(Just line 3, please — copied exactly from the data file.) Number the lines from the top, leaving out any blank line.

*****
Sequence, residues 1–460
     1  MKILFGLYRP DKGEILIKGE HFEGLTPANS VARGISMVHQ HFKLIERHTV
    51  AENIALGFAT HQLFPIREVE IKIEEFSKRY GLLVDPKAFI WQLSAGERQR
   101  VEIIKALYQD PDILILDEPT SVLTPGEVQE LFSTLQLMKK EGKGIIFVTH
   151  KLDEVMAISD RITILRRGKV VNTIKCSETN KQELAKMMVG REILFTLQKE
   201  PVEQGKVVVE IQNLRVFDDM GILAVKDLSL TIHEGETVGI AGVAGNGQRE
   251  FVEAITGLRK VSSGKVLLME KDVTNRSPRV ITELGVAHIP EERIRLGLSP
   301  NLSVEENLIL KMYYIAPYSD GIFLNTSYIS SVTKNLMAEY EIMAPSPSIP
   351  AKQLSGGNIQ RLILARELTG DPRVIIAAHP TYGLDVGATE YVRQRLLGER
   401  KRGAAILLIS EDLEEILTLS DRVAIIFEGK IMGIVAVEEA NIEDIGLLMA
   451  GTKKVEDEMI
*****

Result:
    51  AENIALGFAT HQLFPIREVE IKIEEFSKRY GLLVDPKAFI WQLSAGERQR